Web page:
As an environmental reporter, I know how hard it is to definitively tie a community’s health complaints to its surroundings. Even when there is severe suffering and a seemingly obvious culprit, it’s often impossible to pin blame on any single cause. But in St. John, the case had already been precisely made by the very entity that had the power to change it. At the end of 2015, a report from the Environmental Protection Agency showed that the census tract in St. John had by far the highest risk of cancer from air pollution in the nation. Nationwide the risk of cancer from chemicals emitted by industrial facilities was about 30 for every million people. But in this small neighborhood, it was more than 800.
A 2015 report from the Environmental Protection Agency showed that St. John the Baptist had the highest risk of cancer from air pollution in the nation.CreditWilliam Widmer for The New York Times
A vast majority of that risk, according to the report, was coming from a colorless gas called chloroprene that the nearby synthetic rubber factory has been emitting since 1969. For most of that time, there was no official government recognition of the chemical’s harms. But in 2010, a little-known division of the E.P.A. called the Integrated Risk Information System, or IRIS, had assessed chloroprene to be a likely human carcinogen and calculated a new safety limit for it. Five years later, the agency’s National Air Toxics Assessment report used that threshold and emissions data from the plant to estimate the local cancer risk.
Of course, the news that they had been breathing toxic air for decades infuriated the people of St. John. But it also served as a cry for help. Surely once a federal agency pinpointed their problem, someone would have to fix it. Robert Taylor, 78, is the executive director of Concerned Citizens of St. John, a community group organized in response to the pollution caused by chloroprene from a local Denka plant. CreditWilliam Widmer for The New York Times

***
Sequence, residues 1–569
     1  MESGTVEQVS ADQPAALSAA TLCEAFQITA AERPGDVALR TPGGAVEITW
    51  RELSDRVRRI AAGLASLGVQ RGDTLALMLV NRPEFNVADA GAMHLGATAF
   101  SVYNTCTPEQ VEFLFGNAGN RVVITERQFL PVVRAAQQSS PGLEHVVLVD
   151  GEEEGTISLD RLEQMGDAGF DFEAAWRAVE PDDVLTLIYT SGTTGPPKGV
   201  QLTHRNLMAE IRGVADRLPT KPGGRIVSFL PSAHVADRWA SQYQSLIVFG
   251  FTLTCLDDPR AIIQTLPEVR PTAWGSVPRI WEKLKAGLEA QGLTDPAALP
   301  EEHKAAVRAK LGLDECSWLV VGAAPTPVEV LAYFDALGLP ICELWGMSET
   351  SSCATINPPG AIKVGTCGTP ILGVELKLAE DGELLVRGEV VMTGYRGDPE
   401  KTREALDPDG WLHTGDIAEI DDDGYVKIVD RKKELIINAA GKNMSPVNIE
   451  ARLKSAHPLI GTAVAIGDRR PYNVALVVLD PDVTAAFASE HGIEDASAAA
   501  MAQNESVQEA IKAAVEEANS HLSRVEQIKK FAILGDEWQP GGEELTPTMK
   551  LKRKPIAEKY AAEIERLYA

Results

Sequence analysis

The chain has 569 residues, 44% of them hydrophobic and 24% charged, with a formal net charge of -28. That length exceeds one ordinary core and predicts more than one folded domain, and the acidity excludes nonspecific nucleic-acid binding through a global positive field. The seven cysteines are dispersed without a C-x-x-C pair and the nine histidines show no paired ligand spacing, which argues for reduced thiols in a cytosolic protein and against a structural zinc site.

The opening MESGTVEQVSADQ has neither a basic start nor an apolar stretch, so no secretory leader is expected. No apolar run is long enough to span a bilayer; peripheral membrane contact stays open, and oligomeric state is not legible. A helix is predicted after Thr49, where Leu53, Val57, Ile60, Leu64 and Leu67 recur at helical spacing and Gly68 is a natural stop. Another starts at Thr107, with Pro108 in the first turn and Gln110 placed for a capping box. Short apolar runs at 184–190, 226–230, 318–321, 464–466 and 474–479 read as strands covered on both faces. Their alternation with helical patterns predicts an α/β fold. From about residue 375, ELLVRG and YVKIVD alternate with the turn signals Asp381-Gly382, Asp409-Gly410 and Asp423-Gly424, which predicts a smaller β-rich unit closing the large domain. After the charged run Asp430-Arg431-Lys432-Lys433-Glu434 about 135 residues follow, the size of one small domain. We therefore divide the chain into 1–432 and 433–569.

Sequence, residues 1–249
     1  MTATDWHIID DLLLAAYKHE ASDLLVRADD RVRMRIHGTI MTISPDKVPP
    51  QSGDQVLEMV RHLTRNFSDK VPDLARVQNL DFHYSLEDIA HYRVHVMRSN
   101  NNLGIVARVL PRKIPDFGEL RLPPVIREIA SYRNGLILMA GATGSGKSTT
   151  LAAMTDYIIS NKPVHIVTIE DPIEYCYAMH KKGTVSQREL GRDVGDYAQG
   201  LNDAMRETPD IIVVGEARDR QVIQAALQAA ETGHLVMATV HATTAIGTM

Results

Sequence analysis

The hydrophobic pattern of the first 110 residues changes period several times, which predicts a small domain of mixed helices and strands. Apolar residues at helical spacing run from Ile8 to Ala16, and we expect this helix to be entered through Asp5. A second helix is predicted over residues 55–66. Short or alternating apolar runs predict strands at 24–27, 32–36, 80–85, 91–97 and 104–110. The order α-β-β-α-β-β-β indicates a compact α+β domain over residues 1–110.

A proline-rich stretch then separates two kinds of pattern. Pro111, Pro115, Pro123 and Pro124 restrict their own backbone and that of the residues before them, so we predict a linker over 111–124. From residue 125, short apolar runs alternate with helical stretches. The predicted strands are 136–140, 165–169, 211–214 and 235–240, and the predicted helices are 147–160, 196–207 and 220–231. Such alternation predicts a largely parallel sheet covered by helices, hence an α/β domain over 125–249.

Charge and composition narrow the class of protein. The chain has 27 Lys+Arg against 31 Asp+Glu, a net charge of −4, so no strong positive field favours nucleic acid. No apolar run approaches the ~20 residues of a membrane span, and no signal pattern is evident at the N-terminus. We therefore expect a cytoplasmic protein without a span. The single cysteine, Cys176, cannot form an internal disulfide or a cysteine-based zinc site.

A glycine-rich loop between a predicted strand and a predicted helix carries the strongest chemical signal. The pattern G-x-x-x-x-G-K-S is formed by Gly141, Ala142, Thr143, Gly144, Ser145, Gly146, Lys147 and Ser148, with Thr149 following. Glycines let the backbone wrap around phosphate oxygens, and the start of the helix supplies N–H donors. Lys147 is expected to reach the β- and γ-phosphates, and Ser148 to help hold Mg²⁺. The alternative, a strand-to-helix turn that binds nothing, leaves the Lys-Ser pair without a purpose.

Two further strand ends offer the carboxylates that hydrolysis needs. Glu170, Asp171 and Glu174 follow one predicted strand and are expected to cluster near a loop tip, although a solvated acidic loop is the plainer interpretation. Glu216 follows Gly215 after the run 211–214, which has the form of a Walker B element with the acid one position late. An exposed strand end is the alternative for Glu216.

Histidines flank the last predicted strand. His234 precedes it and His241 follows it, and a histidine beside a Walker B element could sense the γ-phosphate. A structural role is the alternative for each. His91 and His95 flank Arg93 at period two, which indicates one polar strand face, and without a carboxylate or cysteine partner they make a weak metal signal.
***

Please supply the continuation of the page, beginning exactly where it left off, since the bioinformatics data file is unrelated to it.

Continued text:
But as the people of St. John soon learned, though lawmakers can use the risk levels from IRIS to legally limit chemicals, set levels at federal cleanup sites or shutter factories that emit them, they don’t have to do any of those things. And so far, in St. John, no one has.
St. John isn’t the only place where the E.P.A. has quantified health risks without providing a straightforward way to turn those numbers into enforceable regulation. According to the agency’s most recent assessment of air toxicity, which was released in August 2018 and is based on data from 2014, 109 census tracts had a risk of cancer above its official threshold of acceptability: 100 cancers in a million people.
Over the months I was looking at these hot spots, I noticed that three chemicals cause a large majority of the elevated cancer risk from air pollution around the country: chloroprene, ethylene oxide and formaldehyde. Of the 109 census tracts with elevated cancer risk from air pollution, only one would still have a risk greater than 100 cancers in a million people if the E.P.A. were to set binding limits on these three chemicals.
But that hasn’t happened. And in the absence of federal action (which predates the current administration), it has fallen to affected residents to take on local polluters. In Willowbrook, Ill., a well-to-do, largely white suburb of Chicago, people living near a factory that emitted another air pollutant IRIS recently assessed, ethylene oxide, had a rare success. In February, after residents protested, their state environmental agency closed the factory, which had used the chemical to sterilize medical equipment.
Other polluted communities haven’t been able to vanquish their local polluters. In many places where cancer risk from air pollution is elevated, people aren’t aware of the danger. And even when residents know about and call attention to the problem, their efforts have not been as well received as the Willowbrook residents’ were.